Ernst Toch has been well represented on CPO already with a complete cycle of his Symphonies. The Toch of those Symphonies is much closer to the Toch of the Bunte [Colourful] Suite performed here. Again, another real discovery and a charmer. There are more echoes here of similar suites for theatre and film that Shostakovich was producing at around the same time. A fascinating thought since it must be likely that this music was being written in splendid ignorance of the other's work. Toch has a more deliberately gaudy style - the music more raucous, more sardonic. I would imagine 1929 technology struggles with some of the more thickly scored passages - but nothing to trouble the consistently impressive CPO engineering here. Again it seems rather pointless to try and fix this music's position on some light/serious music axis. Part of the reason I have enjoyed this set so much is precisely its refusal to be categorised. So the coolly poised Intermezzo of this suite sits next to a very Shostakovichian slyly humorous Marionetten-tanz, which in turn is followed by a strange ghostly Galante Passacaglia all rounded off by a riotously neurotic Merry-go-round.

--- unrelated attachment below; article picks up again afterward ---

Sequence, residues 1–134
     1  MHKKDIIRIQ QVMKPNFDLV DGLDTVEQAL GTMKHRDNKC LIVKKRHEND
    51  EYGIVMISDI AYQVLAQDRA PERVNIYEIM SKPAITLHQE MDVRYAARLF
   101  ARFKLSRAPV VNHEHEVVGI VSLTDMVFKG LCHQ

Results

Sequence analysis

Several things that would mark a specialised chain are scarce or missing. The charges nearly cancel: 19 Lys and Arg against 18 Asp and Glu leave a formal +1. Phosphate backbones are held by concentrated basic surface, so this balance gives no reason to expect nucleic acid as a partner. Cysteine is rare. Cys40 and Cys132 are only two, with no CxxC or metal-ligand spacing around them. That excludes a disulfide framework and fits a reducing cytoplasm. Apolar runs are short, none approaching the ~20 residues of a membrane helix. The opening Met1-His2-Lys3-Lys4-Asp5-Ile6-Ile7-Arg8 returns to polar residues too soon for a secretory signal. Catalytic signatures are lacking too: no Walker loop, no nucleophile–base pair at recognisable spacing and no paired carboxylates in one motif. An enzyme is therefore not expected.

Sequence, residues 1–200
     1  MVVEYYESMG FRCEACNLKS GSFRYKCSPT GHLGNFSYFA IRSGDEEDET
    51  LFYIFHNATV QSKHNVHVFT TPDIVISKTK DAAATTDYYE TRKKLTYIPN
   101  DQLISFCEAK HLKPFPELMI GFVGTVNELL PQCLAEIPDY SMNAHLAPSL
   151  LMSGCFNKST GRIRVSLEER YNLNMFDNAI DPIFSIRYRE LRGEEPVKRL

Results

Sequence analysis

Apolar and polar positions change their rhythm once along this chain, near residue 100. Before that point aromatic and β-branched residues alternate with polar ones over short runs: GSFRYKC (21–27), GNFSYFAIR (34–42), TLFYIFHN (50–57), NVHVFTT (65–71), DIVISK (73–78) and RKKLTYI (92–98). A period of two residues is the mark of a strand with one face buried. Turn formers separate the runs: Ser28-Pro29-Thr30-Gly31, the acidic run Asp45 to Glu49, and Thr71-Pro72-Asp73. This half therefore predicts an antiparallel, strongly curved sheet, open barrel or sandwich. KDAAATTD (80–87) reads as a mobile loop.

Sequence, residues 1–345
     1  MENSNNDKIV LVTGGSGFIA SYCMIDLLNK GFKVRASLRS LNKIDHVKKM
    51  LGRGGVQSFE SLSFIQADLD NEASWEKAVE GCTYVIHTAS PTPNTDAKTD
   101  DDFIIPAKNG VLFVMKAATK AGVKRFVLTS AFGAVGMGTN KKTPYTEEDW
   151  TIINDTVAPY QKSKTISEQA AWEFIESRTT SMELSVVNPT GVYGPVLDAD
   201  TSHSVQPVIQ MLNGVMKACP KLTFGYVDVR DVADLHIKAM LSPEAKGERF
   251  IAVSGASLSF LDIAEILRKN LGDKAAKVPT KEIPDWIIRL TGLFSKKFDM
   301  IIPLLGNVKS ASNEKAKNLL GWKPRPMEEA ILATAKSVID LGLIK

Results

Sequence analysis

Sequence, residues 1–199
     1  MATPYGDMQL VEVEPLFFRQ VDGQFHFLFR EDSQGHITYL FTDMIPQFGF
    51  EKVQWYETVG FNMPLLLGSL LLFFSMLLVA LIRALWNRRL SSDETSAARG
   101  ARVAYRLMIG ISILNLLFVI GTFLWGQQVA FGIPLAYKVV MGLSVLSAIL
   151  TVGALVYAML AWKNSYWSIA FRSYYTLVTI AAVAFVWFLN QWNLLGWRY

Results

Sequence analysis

One approach to mass appeal in 1929 was deemed to lie "in adopting and contrasting the rhythmic elements of modern dance music." Given his background in operetta, it might seem unlikely that the composer to take up this challenge most wholeheartedly was Eduard Künneke. Disc 1 of this set is completed with his Tänzerische Suite Op.26 subtitled Concerto Grosso für eine Jazzband und grosses Orchester. Another five movement suite this is pure pleasure from start to end. It seems that once commissioned by Berlin Radio, Künneke got rather carried away - the scale of the work and the complexity of its scoring rather overwhelming the carefully laid out precepts mentioned earlier. Whatever may have caused 1929 sound engineers headaches is our substantial gain.